Pakistan again showed England how to play in their own conditions as they maintained their dominant position in the first Test at Lord's.
The tourists scored 300 runs in Friday's play, going from an overnight 50 for one to 350 for eight at stumps on the second day of this two-match series.
That left them already 166 runs ahead of England's meagre first-innings 184, with Pakistan having so far outplayed their hosts in all departments.
A quartet of batsmen made fifties, with England dropping four catches on Friday and missing one other obvious chance -- a marked contrast to an impressive display by an often-criticised Pakistan slip cordon.
Their had been hopes a return home would boost Joe Root's men following their recent series losses in Australia and New Zealand.
But after two days at the 'home of cricket', England were struggling to avoid a sixth defeat in eight Tests.
Pakistan, whose players are effectively banned from the Indian Premier League, had arguably had better preparation for this series than that enjoyed by England's Ben Stokes and Jos Buttler while they were playing in the lucrative Twenyty20 event.
In addition to three county warm-up matches, Pakistan beat Test debutants Ireland in Dublin last week, a match that featured similarly overcast and bowler-friendly conditions to those present for much of the first two days at Lord's.
Experienced opener Azhar Ali laid the platform for Pakistan's reply with a well-made 50.
Asad Shafiq (59) and Babar Azam, who made 68 before retiring hurt, kept the runs coming before Shadab Khan (52) hit his second half-century in three Tests.
Their efforts followed on from the disciplined and skilled bowling of Pakistan pacemen Mohammad Abbas and Hasan Ali, who took four wickets apiece on Thursday.
Pakistan coach Mickey Arthur was proud of his side's efforts but warned there was much still to be done if they were to go 1-0 up in the series.
"We've had two good days and we'll enjoy them, but we've got a hell of a lot of work still to do," he told Sky Sports.
"Preparation was good but execution is another thing. I couldn't be more proud of my bowlers."
The former South Africa and Australia coach added: "We wanted runs from everybody. I'm really pleased with the way we fought.
"If we can get another 25 on top of that and do exactly what we did in the first innings -- bowl in the right areas and apply some pressure -- then we've got a really good chance."
Meanwhile, England paceman Mark Wood admitted the hosts had been outplayed, saying: "It was hard toil from our point of view.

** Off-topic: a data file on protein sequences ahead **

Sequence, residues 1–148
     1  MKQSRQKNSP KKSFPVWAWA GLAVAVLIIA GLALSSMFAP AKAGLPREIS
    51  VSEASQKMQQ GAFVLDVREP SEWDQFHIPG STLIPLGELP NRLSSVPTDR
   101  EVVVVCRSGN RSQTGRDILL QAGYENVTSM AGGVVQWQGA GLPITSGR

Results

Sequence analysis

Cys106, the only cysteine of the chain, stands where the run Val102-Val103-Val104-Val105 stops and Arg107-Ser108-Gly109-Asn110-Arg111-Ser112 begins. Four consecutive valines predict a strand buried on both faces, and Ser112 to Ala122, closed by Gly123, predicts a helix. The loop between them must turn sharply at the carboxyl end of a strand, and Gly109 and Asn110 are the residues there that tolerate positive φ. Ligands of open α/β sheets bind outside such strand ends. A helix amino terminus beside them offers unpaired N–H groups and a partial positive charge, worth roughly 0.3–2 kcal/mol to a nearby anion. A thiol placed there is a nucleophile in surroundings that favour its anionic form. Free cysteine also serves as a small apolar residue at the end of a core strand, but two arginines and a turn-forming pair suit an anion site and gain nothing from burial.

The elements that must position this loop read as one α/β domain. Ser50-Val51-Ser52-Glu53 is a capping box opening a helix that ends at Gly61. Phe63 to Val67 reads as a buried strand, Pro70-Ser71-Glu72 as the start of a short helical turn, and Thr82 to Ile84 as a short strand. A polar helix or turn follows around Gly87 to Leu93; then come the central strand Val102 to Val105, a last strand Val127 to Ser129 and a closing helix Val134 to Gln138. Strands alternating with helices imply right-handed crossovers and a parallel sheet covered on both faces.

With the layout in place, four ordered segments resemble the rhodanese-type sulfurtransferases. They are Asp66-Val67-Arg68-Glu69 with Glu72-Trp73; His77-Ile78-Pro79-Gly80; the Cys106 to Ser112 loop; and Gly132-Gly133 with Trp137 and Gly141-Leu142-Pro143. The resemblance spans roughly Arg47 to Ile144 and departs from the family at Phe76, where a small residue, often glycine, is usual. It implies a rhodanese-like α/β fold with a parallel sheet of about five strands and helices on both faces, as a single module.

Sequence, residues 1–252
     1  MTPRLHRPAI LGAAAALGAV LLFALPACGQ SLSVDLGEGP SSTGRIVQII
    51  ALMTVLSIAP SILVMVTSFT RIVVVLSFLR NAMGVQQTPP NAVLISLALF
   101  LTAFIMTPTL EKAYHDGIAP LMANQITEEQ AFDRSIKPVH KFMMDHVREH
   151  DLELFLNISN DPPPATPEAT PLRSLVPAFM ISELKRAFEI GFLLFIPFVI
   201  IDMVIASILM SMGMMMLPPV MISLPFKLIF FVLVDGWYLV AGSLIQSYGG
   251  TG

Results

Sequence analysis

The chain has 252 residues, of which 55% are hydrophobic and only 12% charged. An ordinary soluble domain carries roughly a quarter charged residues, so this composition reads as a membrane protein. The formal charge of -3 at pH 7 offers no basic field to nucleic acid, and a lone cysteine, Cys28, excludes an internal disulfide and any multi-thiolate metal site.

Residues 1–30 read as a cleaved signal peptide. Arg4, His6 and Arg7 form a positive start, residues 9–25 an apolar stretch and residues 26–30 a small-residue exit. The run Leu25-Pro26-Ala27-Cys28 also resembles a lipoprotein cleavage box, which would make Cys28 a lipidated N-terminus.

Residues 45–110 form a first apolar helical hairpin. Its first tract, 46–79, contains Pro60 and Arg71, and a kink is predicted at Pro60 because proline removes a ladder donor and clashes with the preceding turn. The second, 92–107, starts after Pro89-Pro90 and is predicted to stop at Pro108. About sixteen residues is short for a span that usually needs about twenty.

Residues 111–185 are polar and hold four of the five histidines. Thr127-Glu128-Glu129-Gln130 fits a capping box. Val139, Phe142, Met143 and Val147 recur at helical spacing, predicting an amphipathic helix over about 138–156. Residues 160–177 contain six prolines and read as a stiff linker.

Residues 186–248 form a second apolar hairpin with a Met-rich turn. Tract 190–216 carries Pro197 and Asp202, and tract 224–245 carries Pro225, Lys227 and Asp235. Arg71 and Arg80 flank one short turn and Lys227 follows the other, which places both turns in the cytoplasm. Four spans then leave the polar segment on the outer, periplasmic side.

"So far, they've out-bowled and out-batted us."
Pakistan resumed Friday with Azhar 18 not out and Haris Sohail 21 not out.
The second-wicket duo defended soundly and attacked when appropriate before Wood, who had tried to 'rough up' the batsmen with short-pitched deliveries, eventually ended a stand worth 75 runs when Haris (39) edged a rare full-length ball to wicket-keeper Jonny Bairstow.
Azhar completed a patient 133-ball fifty but was still on 50 when lbw to James Anderson, England's all-time leading Test wicket-taker.
Shafiq though hoisted debutant off-spinner Dominic Bess for six and Pakistan were 136 for three at lunch.
Alastair Cook, in his usual position of first slip, dropped Babar on 10 when he failed to hold a low chance.
Shafiq went to fifty and was then dropped on 59 by a diving Buttler in the gully.
But next ball Shafiq lobbed Stokes to Dawid Malan in the slips.
Babar, whose fifty took 93 balls, retired hurt after pace-bowling all-rounder Stokes struck him on the wrist.
England took the new ball but Shadab and Faheem Ashraf kept the scoreboard ticking over in what was a first match at Lord's for both the young all-rounders.
Ashraf though was missed on 29 when he edged Wood between Bairstow and Cook for a catch that belonged to the keeper.
Shadab on 30 then presented Cook with a seemingly simple chance off Anderson only for the former skipper to put down the two-handed catch.
He completed a 62-ball fifty, including six fours, before a gloved hook off Stokes was well held down the legside by Bairstow in a rare England fielding highlight.